Bear Market Signal #10

Bear Market Signal #10:

Ten Reasons Why the Government Will Not Save You

Click Here to Watch the Event

We hope you've been following our Bear Market Signals over the past several days. We've touched on nine indicators to watch closely ahead of the next big downturn in the market.

And tonight at the Bear Market Survival Event at 8 p.m. Eastern time, you'll hear about the critical steps you can take right now to ensure you're ready for the coming crisis.

You'll hear from...

Porter Stansberry, founder of Stansberry Research. His firm not only predicted the mortgage meltdown of 2008 and helped thousands of Americans avert catastrophe... it also predicted the stock market Melt Up that followed — which sent stocks soaring to new, dizzying heights.

You'll also hear from multimillionaire former hedge-fund manager Jim Rogers, who delivered 4,200% returns through one of the most volatile 10-year periods in recent history...

These two investors will show you exactly how to safely profit from the final phase of this epic bull market and protect yourself from its inevitable collapse... along with six powerful strategies that can help you grow your retirement war chest before, during, and after the crash.

So to get you ready for tonight's Bear Market Survival Event, we bring you one additional article from famed economist Nouriel Roubini. He has worked at the International Monetary Fund, the U.S. Federal Reserve and the World Bank, and was a senior economist for the White House.

It's one of the best reports we've read recently... detailing step-by-step why the impending recession and financial crisis are likely coming sooner rather than later...

The Makings of a 2020 Recession and Financial Crisis By Nouriel Roubini and Brunello Rosa

Today, there are still ongoing debates about the causes and consequences of the financial crisis, and whether the lessons needed to prepare for the next one have been absorbed. But looking ahead, the more relevant question is...

What actually will trigger the next global recession and crisis, and when?

The current global expansion will likely continue into 2019, given that the U.S. is running large fiscal deficits, China is pursuing loose fiscal and credit policies, and Europe remains on a recovery path. But by 2020, the conditions will be ripe for a financial crisis, followed by a global recession. There are 10 reasons for this:

The fiscal-stimulus policies that are currently pushing the annual U.S. growth rate above its 2% potential are unsustainable. By 2020, the stimulus will run out, and a modest fiscal drag will pull growth from 3% to slightly below 2%.

Because the stimulus was poorly timed, the U.S. economy is now overheating, and inflation is rising above target. The U.S. Federal Reserve will thus continue to raise the federal funds rate from its current 2% to at least 3.5% by 2020, and that will likely push up short- and long-term interest rates, as well as the U.S. dollar.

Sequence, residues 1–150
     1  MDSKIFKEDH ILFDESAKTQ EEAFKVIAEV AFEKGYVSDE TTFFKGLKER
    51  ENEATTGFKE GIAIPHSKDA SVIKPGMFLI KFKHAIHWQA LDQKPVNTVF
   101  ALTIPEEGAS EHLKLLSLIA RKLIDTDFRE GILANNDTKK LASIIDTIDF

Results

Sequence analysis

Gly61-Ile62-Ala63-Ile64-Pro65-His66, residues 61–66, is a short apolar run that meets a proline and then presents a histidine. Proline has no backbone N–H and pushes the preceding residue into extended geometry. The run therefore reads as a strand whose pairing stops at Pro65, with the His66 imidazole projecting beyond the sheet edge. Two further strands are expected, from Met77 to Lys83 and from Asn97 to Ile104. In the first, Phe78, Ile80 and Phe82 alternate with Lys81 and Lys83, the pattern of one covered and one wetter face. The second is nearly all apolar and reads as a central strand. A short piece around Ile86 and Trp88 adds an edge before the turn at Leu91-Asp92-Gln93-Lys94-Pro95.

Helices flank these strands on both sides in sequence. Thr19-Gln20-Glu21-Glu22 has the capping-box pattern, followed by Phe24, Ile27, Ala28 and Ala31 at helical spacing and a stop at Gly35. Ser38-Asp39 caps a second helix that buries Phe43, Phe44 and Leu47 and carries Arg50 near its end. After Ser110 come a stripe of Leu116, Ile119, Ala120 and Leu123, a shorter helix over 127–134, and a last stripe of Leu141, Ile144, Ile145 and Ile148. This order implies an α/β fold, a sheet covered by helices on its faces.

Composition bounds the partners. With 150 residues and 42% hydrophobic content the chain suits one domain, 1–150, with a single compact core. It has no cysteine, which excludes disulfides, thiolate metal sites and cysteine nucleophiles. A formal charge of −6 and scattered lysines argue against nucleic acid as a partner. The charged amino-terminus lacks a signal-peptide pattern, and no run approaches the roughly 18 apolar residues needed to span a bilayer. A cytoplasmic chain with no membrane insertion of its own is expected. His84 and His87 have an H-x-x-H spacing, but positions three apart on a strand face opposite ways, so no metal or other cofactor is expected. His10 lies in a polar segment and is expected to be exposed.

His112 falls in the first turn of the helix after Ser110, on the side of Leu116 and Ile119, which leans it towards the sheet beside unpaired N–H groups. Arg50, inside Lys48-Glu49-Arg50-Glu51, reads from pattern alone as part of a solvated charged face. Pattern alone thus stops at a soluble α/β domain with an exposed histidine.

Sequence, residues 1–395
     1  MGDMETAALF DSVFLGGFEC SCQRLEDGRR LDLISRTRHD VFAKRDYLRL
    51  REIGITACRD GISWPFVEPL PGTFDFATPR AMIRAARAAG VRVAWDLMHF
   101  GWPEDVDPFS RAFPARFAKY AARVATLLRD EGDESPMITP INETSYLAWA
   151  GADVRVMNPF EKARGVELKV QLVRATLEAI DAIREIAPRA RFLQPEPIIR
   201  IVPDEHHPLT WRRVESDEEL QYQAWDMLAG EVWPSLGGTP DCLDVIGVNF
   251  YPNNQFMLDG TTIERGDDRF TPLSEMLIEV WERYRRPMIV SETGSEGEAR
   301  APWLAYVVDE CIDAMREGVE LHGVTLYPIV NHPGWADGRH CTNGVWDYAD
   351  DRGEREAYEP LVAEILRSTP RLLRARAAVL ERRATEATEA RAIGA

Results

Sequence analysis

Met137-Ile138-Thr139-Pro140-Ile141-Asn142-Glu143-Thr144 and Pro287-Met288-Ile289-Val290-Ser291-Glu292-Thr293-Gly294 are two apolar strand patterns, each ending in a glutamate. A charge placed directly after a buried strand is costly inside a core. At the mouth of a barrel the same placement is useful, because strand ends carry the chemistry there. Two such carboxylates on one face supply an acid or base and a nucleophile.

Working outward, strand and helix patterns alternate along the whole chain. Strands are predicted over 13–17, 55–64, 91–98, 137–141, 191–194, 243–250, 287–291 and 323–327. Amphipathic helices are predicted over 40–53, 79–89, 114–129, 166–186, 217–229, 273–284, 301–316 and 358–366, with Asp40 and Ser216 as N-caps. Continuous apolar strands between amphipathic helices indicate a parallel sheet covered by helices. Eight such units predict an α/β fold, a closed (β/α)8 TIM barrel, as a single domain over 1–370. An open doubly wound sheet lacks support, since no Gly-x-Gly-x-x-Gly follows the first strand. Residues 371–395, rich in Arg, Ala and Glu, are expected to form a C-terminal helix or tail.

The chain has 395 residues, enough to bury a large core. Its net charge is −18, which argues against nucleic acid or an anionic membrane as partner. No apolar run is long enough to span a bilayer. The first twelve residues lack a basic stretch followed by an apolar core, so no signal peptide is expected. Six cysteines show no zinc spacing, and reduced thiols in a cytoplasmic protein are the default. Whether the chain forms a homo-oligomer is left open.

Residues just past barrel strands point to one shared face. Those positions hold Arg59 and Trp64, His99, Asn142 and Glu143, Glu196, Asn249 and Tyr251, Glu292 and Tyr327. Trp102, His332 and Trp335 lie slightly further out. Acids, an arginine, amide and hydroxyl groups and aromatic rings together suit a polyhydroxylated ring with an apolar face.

Meanwhile, inflation is also increasing in other key economies, and rising oil prices are contributing additional inflationary pressures. That means the other major central banks will follow the Fed toward monetary-policy normalization, which will reduce global liquidity and put upward pressure on interest rates.

The Trump administration's trade disputes with China, Europe, Mexico, Canada, and others will almost certainly escalate, leading to slower growth and higher inflation.

Other U.S. policies will continue to add stagflationary pressure, prompting the Fed to raise interest rates higher still. The administration is restricting inward/outward investment and technology transfers, which will disrupt supply chains. It is restricting the immigrants who are needed to maintain growth as the U.S. population ages. It is discouraging investments in the green economy. And it has no infrastructure policy to address supply-side bottlenecks.

The policymakers who must confront the next downturn will have their hands tied while overall debt levels are higher than during the previous crisis.

Growth in the rest of the world will likely slow down — more so as other countries will see fit to retaliate against U.S. protectionism. China must slow its growth to deal with overcapacity and excessive leverage. Otherwise, a hard landing will be triggered. And already fragile emerging markets will continue to feel the pinch from protectionism and tightening monetary conditions in the U.S.

Europe, too, will experience slower growth, owing to monetary-policy tightening and trade frictions. Moreover, populist policies in countries such as Italy may lead to an unsustainable debt dynamic within the eurozone. The still-unresolved "doom loop" between governments and banks holding public debt will amplify the existential problems of an incomplete monetary union with inadequate risk-sharing. Under these conditions, another global downturn could prompt Italy and other countries to exit the eurozone altogether.